Search Images Maps Play YouTube News Gmail Drive More »
Sign in
Screen reader users: click this link for accessible mode. Accessible mode has the same essential features but works better with your reader.

Patents

  1. Advanced Patent Search
Publication numberUS7557251 B2
Publication typeGrant
Application numberUS 11/729,638
Publication dateJul 7, 2009
Filing dateMar 29, 2007
Priority dateMar 30, 2006
Fee statusPaid
Also published asCN101454269A, EP2007706A2, US20080021110, WO2007126840A2, WO2007126840A3
Publication number11729638, 729638, US 7557251 B2, US 7557251B2, US-B2-7557251, US7557251 B2, US7557251B2
InventorsShaomeng Wang, Jianyong Chen, John F. W. Keana, Ming Guo
Original AssigneeThe Regents Of The University Of Michigan
Export CitationBiBTeX, EndNote, RefMan
External Links: USPTO, USPTO Assignment, Espacenet
Production of gossypol co-crystals
US 7557251 B2
Abstract
This invention relates to relates to methods for producing gossypol acetic acid co-crystals and (−)-gossypol acetic acid co-crystals. The invention also relates to pharmaceutical compositions comprising gossypol acetic acid co-crystals and (−)-gossypol acetic acid co-crystals and the use of gossypol acetic acid co-crystals and (−)-gossypol acetic acid co-crystals for inducing apoptosis in cells and for sensitizing cells to the induction of apoptotic cell death.
Images(20)
Previous page
Next page
Claims(2)
1. A method of producing (−)-gossypol acetic acid co-crystals from (−)-gossypol acetone co-crystals, comprising substituting the acetone in said (−)-gossypol acetone co-crystals with acetic acid to form (−)-gossypol acetic acid co-crystals.
2. The method of claim 1 consisting essentially of adding acetic acid to said (−)-gossypol acetone co-crystals to produce a slurry, filtering said slurry, rinsing the solid thus obtained with acetic acid, and drying said solid to give said (−)-gossypol acetic acid co-crystals.
Description

The present application claim priority to U.S. Provisional Application Ser. No. 60/788,025, filed Mar. 30, 2006, the entire disclosure of which is herein incorporated by reference in its entirety.

BACKGROUND OF THE INVENTION

1. Field of the Invention

This invention is in the field of medicinal chemistry. In particular, the invention relates to methods for producing gossypol acetic acid co-crystals and (−)-gossypol acetic acid co-crystals. The invention also relates to pharmaceutical compositions comprising gossypol acetic acid co-crystals or (−)-gossypol acetic acid co-crystals and the use of gossypol acetic acid co-crystals and (−)-gossypol acetic acid co-crystals for inducing apoptosis in cells and for sensitizing cells to the induction of apoptotic cell death.

2. Related Art

The aggressive cancer cell phenotype is the result of a variety of genetic and epigenetic alterations leading to deregulation of intracellular signaling pathways (Ponder, Nature 411:336 (2001)). The commonality for all cancer cells, however, is their failure to execute an apoptotic program, and lack of appropriate apoptosis due to defects in the normal apoptosis machinery is a hallmark of cancer (Lowe et al., Carcinogenesis 21:485 (2000)). Most of the current cancer therapies, including chemotherapeutic agents, radiation, and immunotherapy, work by indirectly inducing apoptosis in cancer cells. The inability of cancer cells to execute an apoptotic program due to defects in the normal apoptotic machinery is thus often associated with an increase in resistance to chemotherapy, radiation, or immunotherapy-induced apoptosis. Primary or acquired resistance of human cancer of different origins to current treatment protocols due to apoptosis defects is a major problem in current cancer therapy (Lowe et al., Carcinogenesis 21:485 (2000); Nicholson, Nature 407:810 (2000)). Accordingly, current and future efforts towards designing and developing new molecular target-specific anticancer therapies to improve survival and quality of life of cancer patients must include strategies that specifically target cancer cell resistance to apoptosis. In this regard, targeting crucial negative regulators that play a central role in directly inhibiting apoptosis in cancer cells represents a highly promising therapeutic strategy for new anticancer drug design.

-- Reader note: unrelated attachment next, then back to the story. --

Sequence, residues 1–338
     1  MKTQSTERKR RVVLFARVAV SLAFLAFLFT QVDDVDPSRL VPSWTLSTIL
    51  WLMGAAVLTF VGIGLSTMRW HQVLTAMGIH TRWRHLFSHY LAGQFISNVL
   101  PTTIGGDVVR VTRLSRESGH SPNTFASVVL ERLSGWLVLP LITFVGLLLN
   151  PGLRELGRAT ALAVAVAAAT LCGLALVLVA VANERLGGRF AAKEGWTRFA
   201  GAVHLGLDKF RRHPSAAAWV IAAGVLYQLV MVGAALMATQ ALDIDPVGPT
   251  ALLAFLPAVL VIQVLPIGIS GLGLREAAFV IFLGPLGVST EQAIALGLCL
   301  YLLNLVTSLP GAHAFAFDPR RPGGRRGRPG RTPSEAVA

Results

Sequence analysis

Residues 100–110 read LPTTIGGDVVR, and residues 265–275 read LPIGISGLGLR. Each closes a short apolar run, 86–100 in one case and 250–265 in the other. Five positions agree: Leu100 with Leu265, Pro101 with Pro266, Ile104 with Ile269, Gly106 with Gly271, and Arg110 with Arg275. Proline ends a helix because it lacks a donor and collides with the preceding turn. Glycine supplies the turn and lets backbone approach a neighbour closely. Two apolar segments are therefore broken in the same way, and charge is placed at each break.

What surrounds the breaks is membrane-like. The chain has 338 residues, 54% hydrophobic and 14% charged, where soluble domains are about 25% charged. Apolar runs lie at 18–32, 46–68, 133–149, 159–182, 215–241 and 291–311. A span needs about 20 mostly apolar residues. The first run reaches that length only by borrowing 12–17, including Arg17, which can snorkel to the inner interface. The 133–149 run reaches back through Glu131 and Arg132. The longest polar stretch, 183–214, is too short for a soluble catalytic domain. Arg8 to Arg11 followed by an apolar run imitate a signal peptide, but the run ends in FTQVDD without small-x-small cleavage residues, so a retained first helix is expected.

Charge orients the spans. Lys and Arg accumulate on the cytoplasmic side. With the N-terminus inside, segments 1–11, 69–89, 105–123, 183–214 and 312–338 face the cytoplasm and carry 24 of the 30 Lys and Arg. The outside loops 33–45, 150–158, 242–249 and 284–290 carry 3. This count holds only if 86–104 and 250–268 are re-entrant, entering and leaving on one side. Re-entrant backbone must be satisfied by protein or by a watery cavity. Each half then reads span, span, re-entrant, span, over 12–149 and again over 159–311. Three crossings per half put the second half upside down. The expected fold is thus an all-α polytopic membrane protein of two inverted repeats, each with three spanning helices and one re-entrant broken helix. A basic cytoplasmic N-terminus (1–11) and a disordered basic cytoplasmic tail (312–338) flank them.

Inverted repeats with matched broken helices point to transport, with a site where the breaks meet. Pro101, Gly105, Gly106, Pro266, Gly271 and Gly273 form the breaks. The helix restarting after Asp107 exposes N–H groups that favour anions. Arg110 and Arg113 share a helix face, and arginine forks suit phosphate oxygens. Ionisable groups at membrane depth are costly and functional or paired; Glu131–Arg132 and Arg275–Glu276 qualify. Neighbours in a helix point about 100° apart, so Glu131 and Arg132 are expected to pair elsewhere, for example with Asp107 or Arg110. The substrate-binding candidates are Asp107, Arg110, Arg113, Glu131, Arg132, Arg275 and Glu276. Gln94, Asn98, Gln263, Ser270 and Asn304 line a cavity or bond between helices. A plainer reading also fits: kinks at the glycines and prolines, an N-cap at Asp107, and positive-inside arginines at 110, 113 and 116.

Two classes of central negative regulators of apoptosis have been identified. The first class of regulators is the inhibitor of apoptosis proteins (IAPs) (Deveraux et al., Genes Dev. 13:239 (1999); Salvesen et al., Nat. Rev. Mol. Cell. Biol. 3:401 (2002)). IAPs potently suppress apoptosis induced by a large variety of apoptotic stimuli, including chemotherapeutic agents, radiation, and immunotherapy in cancer cells.

The second class of central negative regulators of apoptosis is the Bcl-2 family of proteins (Adams et al., Science 281:1322 (1998); Reed, Adv. Pharmacol. 41:501 (1997); Reed et al., J. Cell. Biochem. 60:23 (1996)). Bcl-2 is the founding member of the family and was first isolated as the product of an oncogene. The Bcl-2 family now includes both anti-apoptotic molecules such as Bcl-2 and Bcl-xL and pro-apoptotic molecules such as Bax, Bak, Bid, and Bad. Bcl-2 and Bcl-xL are overexpressed in many types of human cancer (e.g., breast, prostate, colorectal, lung), including Non-Hodgkin's lymphoma, which is caused by a chromosomal translocation (t14, 18) that leads to overexpression of Bcl-2. This suggests that many cancer cell types depend on the elevated levels of Bcl-2 and/or Bcl-xL to survive the other cellular derangements that simultaneously both define them as cancerous or pre-cancerous cells and cause them to attempt to execute the apoptosis pathway. Also, increased expression of Bcl-2 family proteins has been recognized as a basis for the development of resistance to cancer therapeutic drugs and radiation that act in various ways to induce cell death in tumor cells.